Iran will never talk to anybody who sets conditions for it: FM Zarif
Iran Press TV
Mon Dec 17, 2018 04:01PM
Iranian Foreign Minister Mohammad Javad Zarif has strongly dismissed the possibility of holding negotiations with the United States after Washington set conditions for talks with Tehran, saying the Islamic Republic will never talk to those who set conditions for it.
In a post on his official Twitter account on Monday, Zarif released a video showing him seated with US journalist Robin Wright on the sidelines of the Doha Forum 2018 in the Qatari capital on Saturday.
In response to a question about US Secretary of State Mike Pompeo's list of a dozen conditions, which Washington expects Tehran to meet before any further talks, Zarif said, "We will not talk to anybody who sets 12 conditions for us to talk to them after having violated a [UN] Security Council resolution that they sponsored themselves."
In an apparent reference to the lawless conduct of the administration of US President Donald Trump in the field of international relations and its disrespect for international agreements and treaties, the Iranian foreign minister emphasized that it is the leaders of the United States who must meet conditions before they talk to any other country.
"I am not asking them [US leaders] to be lawful, because that's asking them for the impossible, [but I ask them] at least [to] become less lawless," he pointed out.
Speaking weeks after the United States in May pulled out of the historic nuclear agreement, officially known as the Joint Comprehensive Plan of Action (JCPOA) signed between Iran and major powers in 2015, Pompeo laid out 12 tough conditions for any "new deal" with Tehran.
The conditions included withdrawal of Iran's military advisors from Syria, who have been helping the country's legitimate government in its fight against terrorist outfits, which have been mostly aided and abetted by the US and its Western and regional allies.
In a meeting with a number of Iranian lawmakers late in May, Zarif said the new strategies declared by the US secretary of state will lead to Washington's greater isolation among the international community.
"In my opinion, the new US strategies against Iran, which were announced by the country's secretary of state, will bring down more isolation on the US," Zarif said.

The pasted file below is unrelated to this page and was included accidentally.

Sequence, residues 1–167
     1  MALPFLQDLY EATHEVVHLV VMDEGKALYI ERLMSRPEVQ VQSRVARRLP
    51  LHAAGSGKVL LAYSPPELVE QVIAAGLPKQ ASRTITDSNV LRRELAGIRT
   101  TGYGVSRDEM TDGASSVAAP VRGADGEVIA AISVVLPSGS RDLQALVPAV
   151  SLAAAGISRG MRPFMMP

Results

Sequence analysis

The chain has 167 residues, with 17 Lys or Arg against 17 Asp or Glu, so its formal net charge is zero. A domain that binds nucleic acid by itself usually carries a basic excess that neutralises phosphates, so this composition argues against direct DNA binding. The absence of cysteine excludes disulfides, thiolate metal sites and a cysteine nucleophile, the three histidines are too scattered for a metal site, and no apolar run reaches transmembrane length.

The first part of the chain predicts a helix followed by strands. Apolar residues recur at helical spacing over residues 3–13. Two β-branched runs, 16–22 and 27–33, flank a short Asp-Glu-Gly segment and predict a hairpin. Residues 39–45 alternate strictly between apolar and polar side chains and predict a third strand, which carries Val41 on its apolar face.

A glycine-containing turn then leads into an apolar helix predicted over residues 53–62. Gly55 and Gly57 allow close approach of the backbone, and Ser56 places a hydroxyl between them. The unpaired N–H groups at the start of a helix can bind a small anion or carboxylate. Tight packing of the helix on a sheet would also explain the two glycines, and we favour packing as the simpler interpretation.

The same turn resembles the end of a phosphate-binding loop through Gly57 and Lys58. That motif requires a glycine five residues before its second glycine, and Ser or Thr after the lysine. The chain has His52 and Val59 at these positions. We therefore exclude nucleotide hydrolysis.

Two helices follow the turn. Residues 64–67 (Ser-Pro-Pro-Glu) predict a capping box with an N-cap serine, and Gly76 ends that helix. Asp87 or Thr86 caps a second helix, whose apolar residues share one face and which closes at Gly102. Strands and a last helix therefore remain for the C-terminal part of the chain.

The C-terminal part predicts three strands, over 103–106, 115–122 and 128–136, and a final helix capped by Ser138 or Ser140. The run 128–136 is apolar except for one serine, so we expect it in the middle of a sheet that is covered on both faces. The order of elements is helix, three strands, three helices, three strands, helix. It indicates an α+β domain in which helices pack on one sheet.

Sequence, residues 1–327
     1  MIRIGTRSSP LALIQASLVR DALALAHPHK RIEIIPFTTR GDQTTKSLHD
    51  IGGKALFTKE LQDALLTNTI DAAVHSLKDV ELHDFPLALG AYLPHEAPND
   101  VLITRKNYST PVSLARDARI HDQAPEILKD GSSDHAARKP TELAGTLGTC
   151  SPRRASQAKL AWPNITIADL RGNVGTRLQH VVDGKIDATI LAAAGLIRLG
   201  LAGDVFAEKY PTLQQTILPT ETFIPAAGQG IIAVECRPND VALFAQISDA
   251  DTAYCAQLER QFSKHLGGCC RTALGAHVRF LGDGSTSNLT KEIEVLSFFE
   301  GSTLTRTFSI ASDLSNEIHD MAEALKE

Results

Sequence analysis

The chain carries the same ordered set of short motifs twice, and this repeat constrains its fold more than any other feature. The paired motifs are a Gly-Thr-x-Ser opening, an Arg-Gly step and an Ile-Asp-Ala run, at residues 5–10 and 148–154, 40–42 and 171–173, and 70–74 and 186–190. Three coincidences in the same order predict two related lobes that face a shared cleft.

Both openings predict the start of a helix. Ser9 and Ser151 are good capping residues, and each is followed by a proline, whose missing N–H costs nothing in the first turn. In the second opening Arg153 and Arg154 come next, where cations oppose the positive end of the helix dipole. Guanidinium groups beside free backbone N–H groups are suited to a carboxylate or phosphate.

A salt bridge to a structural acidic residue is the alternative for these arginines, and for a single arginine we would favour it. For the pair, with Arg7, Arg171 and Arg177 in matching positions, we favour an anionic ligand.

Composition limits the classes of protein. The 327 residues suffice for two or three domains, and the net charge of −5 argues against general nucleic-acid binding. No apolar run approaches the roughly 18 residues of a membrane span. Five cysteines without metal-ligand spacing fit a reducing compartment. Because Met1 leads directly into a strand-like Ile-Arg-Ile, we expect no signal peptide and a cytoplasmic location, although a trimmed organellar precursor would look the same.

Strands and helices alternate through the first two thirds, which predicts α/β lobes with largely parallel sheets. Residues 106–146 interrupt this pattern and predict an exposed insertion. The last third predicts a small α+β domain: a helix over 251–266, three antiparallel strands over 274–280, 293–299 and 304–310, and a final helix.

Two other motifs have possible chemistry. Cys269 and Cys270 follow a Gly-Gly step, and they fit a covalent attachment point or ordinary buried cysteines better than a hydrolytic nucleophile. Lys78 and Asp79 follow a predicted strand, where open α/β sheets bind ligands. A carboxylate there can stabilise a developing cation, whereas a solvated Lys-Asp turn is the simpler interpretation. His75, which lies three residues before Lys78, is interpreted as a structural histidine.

Under the deal, reached between Iran and six major powers -- the US, Britain, France, Germany, Russia and China -- Tehran agreed to put limits on its nuclear program in exchange for the removal of nuclear-related sanctions.
In November, the Trump administration announced the re-imposition of the "toughest" sanctions ever against Iran's banking and energy sectors with the aim of cutting off the country's oil sales and crucial exports.
A first round of American sanctions took effect in August, targeting Iran's access to the US dollar, metals trading, coal, industrial software, and auto sector.
In his address to the Doha Forum 2018 on Saturday, Zarif said economic sanctions imposed by the United States against Iran will fail to have any impact on the policies of the Islamic Republic at home or abroad.
"It's obviously the case that we are facing economic pressure because of the US sanctions. [The] US is a major global power and it can actually create painful conditions for other countries. But would that lead to a change of policy? I can assure you that it won't," the Iranian foreign minister added.
Elsewhere in his Monday tweet, the Iranian foreign minister vehemently dismissed claims about Tehran's intervention in the Middle East and said it is the US that is intervening in the region.
"It is our region and anywhere we have troops or military advisors, it's on the invitation of the governments. Can the United States make the same claim?"
Iran's Islamic Revolution Guards Corps (IRGC) said in October that the Islamic Republic will keep its military advisory presence in Syria as long as Tehran finds it "effective and useful" and as long as the Arab country's government demands it.
In an exclusive interview with Press TV, IRGC spokesman Brigadier General Ramezan Sharif said the Islamic Republic has been supporting Syria in accordance with international regulations since the beginning of the crisis in the country.
Iran has been offering military advisory support to Syria and Iraq at the request of the two Arab countries' governments, enabling them to speed up their gains on various fronts against terror outfits.
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